Yesterday I assembled both hullsides for the port hull. This involved joining the three panels that make up each hullside with buttblocks, and glueing on the stringer that goes on the inside of the top edge of the lower hullsides. Since I only have room for one of these at a time on my workbench, I had to wait on the epoxy to cure before assembling the second one. Shown above is the first side, which I moved out in the yard onto some pallets for applying the second and final coat of epoxy to the whole inside surface. The other side is now assembled on the bench. The epoxy glueing the butt blocks and stringer on it was not cured last night, but at first light this morning I'm going out to remove the screws and clamps so I can get a coat of epoxy on it. Hopefully today if the epoxy cures fast enough I'll begin the wire stitching process and will get the two hullsides wired together along with the keel strip, stem and sternpost.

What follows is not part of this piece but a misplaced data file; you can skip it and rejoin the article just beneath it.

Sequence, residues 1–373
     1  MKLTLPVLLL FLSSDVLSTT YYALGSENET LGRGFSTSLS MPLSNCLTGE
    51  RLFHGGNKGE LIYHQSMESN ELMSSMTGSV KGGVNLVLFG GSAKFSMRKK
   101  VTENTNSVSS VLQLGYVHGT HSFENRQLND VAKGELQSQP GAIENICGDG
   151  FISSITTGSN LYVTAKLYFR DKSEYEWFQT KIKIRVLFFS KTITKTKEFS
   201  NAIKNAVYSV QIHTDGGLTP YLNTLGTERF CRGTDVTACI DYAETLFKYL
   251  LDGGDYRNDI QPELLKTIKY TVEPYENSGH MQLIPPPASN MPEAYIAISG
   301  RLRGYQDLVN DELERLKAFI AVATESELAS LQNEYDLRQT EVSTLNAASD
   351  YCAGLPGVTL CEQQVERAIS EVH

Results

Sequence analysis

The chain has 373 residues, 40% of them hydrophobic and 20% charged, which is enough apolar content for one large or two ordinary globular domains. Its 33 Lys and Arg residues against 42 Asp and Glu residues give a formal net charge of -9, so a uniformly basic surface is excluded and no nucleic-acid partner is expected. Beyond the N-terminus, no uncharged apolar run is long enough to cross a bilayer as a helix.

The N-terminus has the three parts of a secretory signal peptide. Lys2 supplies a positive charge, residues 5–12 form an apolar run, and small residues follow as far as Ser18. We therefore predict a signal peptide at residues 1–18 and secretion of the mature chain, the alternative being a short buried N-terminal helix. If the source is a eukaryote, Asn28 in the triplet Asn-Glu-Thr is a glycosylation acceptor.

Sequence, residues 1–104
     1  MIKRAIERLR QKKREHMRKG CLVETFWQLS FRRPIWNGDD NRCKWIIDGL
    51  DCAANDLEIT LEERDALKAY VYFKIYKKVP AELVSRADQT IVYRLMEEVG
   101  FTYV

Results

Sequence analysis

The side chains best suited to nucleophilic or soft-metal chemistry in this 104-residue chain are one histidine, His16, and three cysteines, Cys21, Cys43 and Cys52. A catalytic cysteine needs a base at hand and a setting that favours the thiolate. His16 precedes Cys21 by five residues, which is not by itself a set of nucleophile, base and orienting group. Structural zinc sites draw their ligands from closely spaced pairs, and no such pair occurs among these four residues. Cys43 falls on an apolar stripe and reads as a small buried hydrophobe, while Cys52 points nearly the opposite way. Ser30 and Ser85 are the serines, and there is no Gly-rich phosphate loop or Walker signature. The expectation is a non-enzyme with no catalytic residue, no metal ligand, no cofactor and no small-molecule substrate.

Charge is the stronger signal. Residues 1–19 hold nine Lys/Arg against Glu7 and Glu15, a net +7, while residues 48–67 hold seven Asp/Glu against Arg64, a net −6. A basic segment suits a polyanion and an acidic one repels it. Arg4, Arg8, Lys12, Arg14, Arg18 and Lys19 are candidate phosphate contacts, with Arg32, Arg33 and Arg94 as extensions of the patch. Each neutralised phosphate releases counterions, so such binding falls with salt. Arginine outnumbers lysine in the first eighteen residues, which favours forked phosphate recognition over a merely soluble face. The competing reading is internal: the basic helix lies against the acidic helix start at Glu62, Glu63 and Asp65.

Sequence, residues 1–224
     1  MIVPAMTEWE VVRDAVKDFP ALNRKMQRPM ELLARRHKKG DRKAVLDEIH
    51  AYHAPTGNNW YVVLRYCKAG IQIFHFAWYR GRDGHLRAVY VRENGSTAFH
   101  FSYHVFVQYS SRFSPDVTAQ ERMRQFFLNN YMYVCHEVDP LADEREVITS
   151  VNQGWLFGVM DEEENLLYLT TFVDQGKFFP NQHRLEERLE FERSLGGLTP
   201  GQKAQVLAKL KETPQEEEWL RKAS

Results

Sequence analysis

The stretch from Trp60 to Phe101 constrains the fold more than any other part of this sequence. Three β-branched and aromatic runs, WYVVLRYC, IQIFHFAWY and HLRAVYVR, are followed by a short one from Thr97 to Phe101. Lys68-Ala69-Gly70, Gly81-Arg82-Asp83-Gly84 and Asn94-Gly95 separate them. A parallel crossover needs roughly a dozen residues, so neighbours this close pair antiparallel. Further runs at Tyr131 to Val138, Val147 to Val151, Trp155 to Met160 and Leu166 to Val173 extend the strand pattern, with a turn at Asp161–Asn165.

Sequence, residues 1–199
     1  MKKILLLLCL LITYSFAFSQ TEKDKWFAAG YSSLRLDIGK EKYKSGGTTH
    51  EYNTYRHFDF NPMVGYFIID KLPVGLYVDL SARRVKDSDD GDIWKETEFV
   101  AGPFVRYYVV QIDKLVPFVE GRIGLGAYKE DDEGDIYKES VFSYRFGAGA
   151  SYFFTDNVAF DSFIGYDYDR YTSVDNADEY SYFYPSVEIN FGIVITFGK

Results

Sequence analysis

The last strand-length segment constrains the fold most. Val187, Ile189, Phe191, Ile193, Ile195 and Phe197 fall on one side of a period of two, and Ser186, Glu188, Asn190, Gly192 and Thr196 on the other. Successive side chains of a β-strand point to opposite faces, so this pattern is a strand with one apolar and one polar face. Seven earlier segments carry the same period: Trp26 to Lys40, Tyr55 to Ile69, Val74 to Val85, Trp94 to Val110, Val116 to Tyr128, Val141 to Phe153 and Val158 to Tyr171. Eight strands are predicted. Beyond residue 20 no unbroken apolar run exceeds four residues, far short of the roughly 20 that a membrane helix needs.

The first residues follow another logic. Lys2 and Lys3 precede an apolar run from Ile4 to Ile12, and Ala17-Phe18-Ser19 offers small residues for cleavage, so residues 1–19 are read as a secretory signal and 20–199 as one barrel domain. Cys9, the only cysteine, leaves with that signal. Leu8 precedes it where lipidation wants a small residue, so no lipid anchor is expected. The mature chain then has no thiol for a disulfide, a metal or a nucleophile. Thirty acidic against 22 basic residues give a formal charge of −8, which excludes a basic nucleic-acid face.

Saturday, March 24, 2007

Scarfing Keel and Hull Stringers